Calvin Johnson’s 329-yard day helps Lions stun Cowboys late
Calvin Johnson has delivered more than his fair share of brilliant performance in losing efforts. Sunday, in the most improbable of fashions, the Lions made sure that his latest gem did not go for naught.
Matthew Stafford’s fake spike/QB sneak with 12 seconds left handed the Lions a dramatic 31-30 victory over the Cowboys, who only moments before had the game in such control that Detroit’s fans were streaming for the exits. Stafford’s leaping touchdown capped an 80-yard drive that took only 50 seconds.
Johnson had one of the most important catches on that final Detroit possession, hauling in a perfect Stafford pass up the seam for 22 yards. That catch set up Detroit on the Dallas 1, from where Stafford plunged the ball into the end zone after frantically signaling for his team, out of timeouts, to clock the football.
The reception was Johnson’s 14th of the game and upped his yardage total to a staggering 329 yards — seven shy of the single-game record held by the Los Angeles Rams’ Flipper Anderson. Johnson also scored once, a four-yard grab following a long 87-yard reception, and single-handedly outgained the Cowboys offense by 61 yards (329 to 268).
“Best receiver in the history of football,” Lions teammate Reggie Bush said of Johnson after the game.
Up until that Stafford TD, though, it appeared as if Johnson’s latest showcase would be merely a sidenote in a Lions loss. After mustering fewer than 140 yards of offense over the first three quarters, the Cowboys came up with 110 and two TDs on back-to-back Tony Romo passes in the fourth quarter — one to Terrance Williams for 60 yards, another to a frustrated Dez Bryant for 50.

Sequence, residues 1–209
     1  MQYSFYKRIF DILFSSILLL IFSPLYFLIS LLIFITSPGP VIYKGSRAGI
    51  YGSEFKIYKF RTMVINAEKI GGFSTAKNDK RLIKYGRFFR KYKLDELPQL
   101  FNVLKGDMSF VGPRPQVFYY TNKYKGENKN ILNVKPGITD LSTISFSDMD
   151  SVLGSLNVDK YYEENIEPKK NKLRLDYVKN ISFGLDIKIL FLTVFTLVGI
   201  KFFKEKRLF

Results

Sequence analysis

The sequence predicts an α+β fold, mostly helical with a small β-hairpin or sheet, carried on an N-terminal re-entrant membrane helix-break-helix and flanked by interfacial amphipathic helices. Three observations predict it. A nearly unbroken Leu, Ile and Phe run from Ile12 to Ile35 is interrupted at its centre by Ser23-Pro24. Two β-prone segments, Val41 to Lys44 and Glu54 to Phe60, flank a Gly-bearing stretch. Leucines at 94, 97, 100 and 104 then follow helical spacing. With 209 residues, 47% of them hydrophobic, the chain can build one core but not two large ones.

The touchdown catch by Bryant was his second of the game, both coming after he unleashed a tirade on Romo and several Cowboys coaches on the sideline. Bryant went off again later, following Stafford’s game-winning TD run, to the point where veteran tight end Jason Witten confronted him on the sideline.
Bryant made headlines earlier in the week when he declared of Johnson: “I believe I can do whatever he can do.” The Cowboys’ receiver later said that his comments were misinterpreted, but the gauntlet was already thrown down for Megatron.
“We were doubling Bryant all game and he still scored two touchdowns,” Lions coach Jim Schwartz said of Bryant.
The Cowboys, at least at first glance, played fairly routine defense on Johnson, often asking Brandon Carr to try to corral him. Carr did help force one of two Stafford interceptions, tipping a pass from Johnson’s arms into those of linebacker Sean Lee. Aside from that, however, Johnson got the best of him and the Cowboys defense.
Making matters worse for Dallas on the deciding Detroit drive was that Kris Durham was allowed to slip rather unimpeded up the left sideline for a 40-yard catch. Durham also managed to get out of bounds, saving precious time for the Lions later — time they would need when Johnson was brought down shy of the goal line on his catch before Stafford’s score.
Romo often feels the heat when the Cowboys suffer tough losses, but it will be hard to pin this one on him. (His most steadfast critics might point to his 14-of-30 completion rate and that he threw for nearly 300 yards fewer than Stafford.) The Cowboys defense let this one slip away, with an untimely assist from tackle Tyron Smith.
Smith was flagged for holding on a third-down run by Joseph Randle, as the Cowboys attempted to finish off a win. Though Detroit declined that penalty, the miscue still stopped the clock for a Lions team without a timeout.
Instead of having fewer than 30 seconds to get down the field, the Lions had more than a minute. Stafford and Johnson, with a little help from Durham, took advantage of their opportunity.
It was a critical win for a Lions team often on the other side of the ledger. And the outcome ensured that Johnson’s sensational outing was not wasted.